In the 3rd Century B.C., Chinese silk fabrics were beginning to find their way throughout the whole of Asia, and were transported overland to the west, and by sea to Japan, in those long itineraries known as the silk road.
Interesting Facts #1 When was the term “Silk Road” invented?
The term “Silk Road” didn’t exist at the time of the Silk Road trade and there was no single route across Central Asia. The peoples living along different trade routes never referred to any particular route as the “Silk Road.” They referred to the different sections of the road as the “Road to Samarkand” (or whatever the next major city was). They did call the different routes around the Taklamakan either the “northern” or “southern” route.
In 1877, Baron Ferdinand von Richthofen (1833-1905), a prominent geographer and the uncle of the World War I flying ace, produced a five-volume map of China. One map showed a single line connecting Europe and China, which he called the “Silk Road,” and the name stuck.
Interesting Facts #2 What goods were traded on the Silk Road?
Silk wasn’t the only good traded on these routes. Metals, spices, medicines, glass, leather goods, and paper all moved across Eurasia. Paper became the primary writing material for all of Eurasia, and surely had a far greater impact on human history than silk, which was used primarily for garments. Invented during the second century BCE, paper moved out of China, first into the Islamic world in the eighth century, and reached Europe via its Islamic portals in Sicily and Spain. People north of the Alps learned to make their own paper only in the late fourteenth century.
Interesting Facts #3 How did they travel?
Merchants and tradesmen traveled in large caravans. They would have many guards with them. Traveling in a big group like a caravan helped in defending from bandits. Camels were popular animals for transport because much of the road was through dry and harsh land.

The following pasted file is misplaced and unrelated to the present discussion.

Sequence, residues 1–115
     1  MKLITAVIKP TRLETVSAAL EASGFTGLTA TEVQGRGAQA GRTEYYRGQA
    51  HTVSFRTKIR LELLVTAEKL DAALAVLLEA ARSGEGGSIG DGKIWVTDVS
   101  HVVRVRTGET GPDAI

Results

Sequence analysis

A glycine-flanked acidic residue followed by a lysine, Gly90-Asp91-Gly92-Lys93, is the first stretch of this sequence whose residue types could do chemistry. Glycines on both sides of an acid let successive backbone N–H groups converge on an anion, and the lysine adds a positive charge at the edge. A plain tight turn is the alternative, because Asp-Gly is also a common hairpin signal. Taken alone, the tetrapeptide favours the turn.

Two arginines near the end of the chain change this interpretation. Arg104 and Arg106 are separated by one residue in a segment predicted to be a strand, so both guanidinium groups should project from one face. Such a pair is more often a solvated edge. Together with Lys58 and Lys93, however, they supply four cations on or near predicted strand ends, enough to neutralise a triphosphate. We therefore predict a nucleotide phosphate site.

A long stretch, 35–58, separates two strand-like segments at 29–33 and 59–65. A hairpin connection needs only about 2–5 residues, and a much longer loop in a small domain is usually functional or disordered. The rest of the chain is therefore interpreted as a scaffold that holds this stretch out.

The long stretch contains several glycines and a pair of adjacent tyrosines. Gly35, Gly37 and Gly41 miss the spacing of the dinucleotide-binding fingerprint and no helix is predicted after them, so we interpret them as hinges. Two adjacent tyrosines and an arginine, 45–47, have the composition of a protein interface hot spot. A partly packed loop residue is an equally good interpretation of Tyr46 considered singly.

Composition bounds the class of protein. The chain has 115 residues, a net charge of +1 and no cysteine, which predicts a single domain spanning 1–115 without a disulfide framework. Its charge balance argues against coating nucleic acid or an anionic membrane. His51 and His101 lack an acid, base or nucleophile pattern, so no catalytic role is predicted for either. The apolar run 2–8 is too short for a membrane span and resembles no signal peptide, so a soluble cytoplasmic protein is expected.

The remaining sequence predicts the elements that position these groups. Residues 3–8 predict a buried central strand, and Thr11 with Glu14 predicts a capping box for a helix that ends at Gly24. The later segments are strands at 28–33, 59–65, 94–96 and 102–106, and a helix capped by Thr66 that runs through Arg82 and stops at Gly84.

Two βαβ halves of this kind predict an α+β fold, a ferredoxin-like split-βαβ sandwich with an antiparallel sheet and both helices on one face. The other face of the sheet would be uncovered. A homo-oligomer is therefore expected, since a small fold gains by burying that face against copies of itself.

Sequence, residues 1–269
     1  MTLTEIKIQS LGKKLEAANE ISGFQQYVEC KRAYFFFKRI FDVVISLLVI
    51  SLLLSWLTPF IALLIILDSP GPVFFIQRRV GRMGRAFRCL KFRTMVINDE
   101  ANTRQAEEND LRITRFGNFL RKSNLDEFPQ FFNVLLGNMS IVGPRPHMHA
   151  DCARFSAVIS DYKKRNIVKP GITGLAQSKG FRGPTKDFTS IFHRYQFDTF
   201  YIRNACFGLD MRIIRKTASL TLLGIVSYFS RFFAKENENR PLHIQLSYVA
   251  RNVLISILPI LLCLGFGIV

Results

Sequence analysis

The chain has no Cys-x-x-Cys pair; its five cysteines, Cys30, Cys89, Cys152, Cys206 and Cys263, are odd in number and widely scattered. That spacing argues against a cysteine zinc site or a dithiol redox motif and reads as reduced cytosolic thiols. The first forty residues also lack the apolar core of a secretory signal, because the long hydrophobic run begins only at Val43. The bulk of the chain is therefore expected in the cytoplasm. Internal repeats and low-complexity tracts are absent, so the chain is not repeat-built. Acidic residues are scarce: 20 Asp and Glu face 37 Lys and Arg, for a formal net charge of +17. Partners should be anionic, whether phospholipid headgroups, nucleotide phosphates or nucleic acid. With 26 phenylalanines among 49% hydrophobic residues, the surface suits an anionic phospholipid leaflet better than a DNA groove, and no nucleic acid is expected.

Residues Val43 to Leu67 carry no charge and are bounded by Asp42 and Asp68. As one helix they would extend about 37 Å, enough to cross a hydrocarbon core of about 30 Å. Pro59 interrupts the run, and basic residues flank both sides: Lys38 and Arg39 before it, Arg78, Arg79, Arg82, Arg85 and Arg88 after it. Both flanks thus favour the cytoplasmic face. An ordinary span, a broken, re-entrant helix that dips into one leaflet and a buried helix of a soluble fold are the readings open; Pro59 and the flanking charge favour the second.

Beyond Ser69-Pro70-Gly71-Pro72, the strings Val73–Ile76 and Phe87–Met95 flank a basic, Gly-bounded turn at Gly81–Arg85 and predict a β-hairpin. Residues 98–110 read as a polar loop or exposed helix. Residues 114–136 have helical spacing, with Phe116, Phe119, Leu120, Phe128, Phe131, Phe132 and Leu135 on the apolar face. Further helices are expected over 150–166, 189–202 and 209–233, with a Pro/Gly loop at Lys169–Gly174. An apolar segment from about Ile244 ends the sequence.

- It was over 4,000 miles long.
- Marco Polo traveled to China along the Silk Road.
- Not all that was traded along the Silk Road was good. It is thought that the bubonic plague, or Black Death, traveled to Europe from the Silk Road.
- Very few merchants traveled along the entire route. Goods were traded at many cities and trade posts along the way.
- There wasn’t just one route, but many routes. Some were shorter, but more dangerous. Others took longer, but were safer.
Interesting Facts #4 Which countries did the Silk Road connect?
The Silk Road connected China with the Iranian world, specifically the city of Samarkand (in today’s Uzbekistan) and the surrounding communities. This was the homeland of the Sogdians, who spoke an Iranian language called Sogdian, and many observed the teachings of the ancient Iranian teacher Zarathustra (ca. 1000 B.C.E., called Zoroaster in Greek), who taught that truth-telling was the paramount virtue. Some of the most exciting finds in the past decade have been the tombs of Sogdian leaders found in the main cities of interior China. The most common long-distance travelers, in fact, were the Sogdians who lived in and around modern-day Samarkand in today’s Uzbekistan.
Interesting Facts #5 Did the Silk Road connect China and Rome?
No. At least there was no direct traffic during the years of the Roman Empire that we know of. Romans didn’t exchange their gold coins directly for Chinese silk. The earliest Roman gold coins found in China — so far only 48 gold coins (many are fakes) have been discovered after a century of intense investigations — are Byzantine solidus coins dated to the sixth century, several centuries after the capital shifted from Rome to Constantinople (modern Istanbul).
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